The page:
copeAlso known as

  • cappa pluvialis
  • pluvial


  • Latin: cappa, cape; pluvia, rain


Long liturgical mantle, open in front, fastened at the breast with a clasp or morse; made of silk or cloth, and semi-circular in shape. The earliest mention of a cappa is found in Gregory of Tours, and in the Miracula of Saint Furseus, and meant an ordinary cloak with a hood, for common wear. It was not in general use in church ceremonies until the 12th century, when it was regarded as the special vestment of cantors. It could, however, be worn by any member of the clergy, and among monks was worn by the whole community, excepting the celebrant and his ministers, at High Mass on great feasts. The only conspicuous change it has undergone during the ages has been in the shape of the hood, which in the beginning was small and triangular and intended to be of practical utility in protecting the head in processions, etc., but is now merely an ornamental appendage resembling a shield of rich embroidery, artificially stiffened, and sometimes adorned with fringe. The cope is assigned to the celebrant in nearly all functions in which the chasuble is not used, e.g., processions, greater blessings and consecrations, solemn Vespers and Lauds, Benediction, absolution and burial of the dead, Asperges before Mass, etc., and is worn at pontifical High Mass by the assistant priest who attends the bishop. Its color foliows that of the day.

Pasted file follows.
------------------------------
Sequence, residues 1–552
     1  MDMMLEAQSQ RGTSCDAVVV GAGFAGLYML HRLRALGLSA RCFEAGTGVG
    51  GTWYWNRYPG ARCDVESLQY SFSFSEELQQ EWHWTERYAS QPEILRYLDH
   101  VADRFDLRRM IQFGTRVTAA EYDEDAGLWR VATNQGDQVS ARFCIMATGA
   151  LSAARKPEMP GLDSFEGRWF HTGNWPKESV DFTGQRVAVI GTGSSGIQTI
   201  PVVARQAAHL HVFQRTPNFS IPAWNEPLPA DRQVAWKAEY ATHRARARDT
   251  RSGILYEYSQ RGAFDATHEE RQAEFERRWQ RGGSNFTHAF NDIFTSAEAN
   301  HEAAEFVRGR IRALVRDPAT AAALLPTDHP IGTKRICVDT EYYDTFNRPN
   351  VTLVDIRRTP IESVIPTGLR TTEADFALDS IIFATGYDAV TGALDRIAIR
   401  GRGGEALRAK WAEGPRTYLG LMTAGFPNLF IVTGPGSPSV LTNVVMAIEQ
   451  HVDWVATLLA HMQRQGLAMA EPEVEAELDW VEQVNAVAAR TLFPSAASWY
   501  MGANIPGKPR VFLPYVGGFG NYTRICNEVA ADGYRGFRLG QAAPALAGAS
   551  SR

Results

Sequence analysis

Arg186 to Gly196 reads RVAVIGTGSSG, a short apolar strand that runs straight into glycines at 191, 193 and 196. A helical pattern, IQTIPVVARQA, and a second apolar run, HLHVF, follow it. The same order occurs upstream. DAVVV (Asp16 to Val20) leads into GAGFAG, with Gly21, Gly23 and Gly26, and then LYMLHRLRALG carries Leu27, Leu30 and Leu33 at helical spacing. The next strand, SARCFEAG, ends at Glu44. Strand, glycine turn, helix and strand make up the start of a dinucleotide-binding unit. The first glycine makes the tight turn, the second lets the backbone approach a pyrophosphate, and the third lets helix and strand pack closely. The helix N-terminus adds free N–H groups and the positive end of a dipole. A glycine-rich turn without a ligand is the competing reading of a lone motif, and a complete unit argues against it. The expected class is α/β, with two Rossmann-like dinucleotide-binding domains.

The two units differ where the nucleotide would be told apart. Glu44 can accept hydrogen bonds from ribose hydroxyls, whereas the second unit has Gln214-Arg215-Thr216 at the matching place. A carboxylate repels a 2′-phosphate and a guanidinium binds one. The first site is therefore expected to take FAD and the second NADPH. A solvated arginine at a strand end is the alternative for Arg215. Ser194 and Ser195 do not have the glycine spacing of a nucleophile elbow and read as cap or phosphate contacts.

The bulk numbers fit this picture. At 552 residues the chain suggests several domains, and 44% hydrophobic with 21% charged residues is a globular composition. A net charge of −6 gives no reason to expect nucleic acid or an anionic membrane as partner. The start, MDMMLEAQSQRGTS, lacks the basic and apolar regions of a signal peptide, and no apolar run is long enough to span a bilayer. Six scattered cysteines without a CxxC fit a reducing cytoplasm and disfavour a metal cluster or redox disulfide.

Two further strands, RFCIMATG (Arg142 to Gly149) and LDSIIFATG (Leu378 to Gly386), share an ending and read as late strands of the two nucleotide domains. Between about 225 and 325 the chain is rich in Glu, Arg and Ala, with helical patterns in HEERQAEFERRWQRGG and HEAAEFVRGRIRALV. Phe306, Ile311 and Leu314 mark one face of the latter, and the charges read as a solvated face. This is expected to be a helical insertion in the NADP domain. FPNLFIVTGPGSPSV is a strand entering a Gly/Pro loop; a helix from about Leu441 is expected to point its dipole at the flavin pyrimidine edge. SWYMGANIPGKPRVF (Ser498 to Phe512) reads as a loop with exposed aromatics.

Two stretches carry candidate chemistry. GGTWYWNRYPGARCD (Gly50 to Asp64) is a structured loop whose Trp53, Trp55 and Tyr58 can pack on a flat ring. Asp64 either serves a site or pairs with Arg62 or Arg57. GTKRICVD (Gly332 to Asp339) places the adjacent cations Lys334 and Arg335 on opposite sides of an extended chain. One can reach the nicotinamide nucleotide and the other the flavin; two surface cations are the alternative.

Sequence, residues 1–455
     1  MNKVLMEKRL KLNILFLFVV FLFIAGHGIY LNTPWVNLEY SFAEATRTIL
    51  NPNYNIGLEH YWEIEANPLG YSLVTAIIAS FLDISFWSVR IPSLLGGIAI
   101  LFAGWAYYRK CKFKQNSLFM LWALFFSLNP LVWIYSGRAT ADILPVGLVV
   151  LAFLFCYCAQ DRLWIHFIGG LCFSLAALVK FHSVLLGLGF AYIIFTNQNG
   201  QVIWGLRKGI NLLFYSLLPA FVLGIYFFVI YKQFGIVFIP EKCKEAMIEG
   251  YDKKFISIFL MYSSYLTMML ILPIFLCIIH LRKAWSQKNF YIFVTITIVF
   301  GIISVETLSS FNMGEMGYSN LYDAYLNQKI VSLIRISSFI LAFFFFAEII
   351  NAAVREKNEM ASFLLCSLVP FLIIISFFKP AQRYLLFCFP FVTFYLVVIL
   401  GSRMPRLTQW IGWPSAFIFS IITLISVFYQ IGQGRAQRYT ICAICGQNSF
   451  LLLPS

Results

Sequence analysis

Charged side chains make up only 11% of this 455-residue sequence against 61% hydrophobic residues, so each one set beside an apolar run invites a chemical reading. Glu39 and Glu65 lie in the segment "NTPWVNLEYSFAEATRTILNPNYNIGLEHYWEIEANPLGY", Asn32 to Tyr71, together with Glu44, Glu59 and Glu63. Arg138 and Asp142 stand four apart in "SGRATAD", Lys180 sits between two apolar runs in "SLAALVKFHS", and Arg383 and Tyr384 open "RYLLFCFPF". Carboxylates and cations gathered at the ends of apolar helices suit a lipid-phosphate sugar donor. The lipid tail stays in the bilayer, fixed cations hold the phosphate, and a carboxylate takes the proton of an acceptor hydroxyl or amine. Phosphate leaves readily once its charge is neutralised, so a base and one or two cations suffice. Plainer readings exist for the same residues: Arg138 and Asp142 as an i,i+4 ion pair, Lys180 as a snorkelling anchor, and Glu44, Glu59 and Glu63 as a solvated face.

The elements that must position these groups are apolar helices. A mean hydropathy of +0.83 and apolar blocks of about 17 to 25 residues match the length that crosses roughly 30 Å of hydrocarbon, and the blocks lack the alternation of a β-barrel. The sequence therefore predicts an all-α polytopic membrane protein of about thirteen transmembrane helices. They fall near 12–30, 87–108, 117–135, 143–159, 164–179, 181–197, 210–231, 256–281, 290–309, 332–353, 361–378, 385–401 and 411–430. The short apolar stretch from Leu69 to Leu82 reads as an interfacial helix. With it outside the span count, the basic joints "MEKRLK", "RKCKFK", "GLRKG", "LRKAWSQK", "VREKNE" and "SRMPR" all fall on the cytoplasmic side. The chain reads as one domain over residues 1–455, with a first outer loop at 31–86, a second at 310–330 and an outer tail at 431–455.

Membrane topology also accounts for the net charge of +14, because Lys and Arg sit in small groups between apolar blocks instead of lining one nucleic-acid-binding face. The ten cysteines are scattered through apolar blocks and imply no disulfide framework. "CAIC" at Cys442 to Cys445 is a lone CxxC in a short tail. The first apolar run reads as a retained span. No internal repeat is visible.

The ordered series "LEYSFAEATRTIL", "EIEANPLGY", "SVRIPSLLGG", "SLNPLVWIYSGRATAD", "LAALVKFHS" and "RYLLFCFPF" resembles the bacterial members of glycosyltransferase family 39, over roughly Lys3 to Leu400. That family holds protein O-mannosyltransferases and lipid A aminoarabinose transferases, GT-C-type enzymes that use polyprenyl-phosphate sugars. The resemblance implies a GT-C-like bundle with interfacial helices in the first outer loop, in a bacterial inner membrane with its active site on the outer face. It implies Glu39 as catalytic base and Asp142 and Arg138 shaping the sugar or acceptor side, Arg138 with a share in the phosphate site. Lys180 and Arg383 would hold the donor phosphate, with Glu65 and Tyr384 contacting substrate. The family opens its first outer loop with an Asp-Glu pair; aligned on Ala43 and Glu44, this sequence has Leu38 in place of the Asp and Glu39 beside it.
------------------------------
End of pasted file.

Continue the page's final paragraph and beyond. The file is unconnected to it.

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Additional Information

MLA Citation

  • “cope“. Emblems of the Faith. CatholicSaints.Info. 29 August 2018. Web. 5 July 2020. <>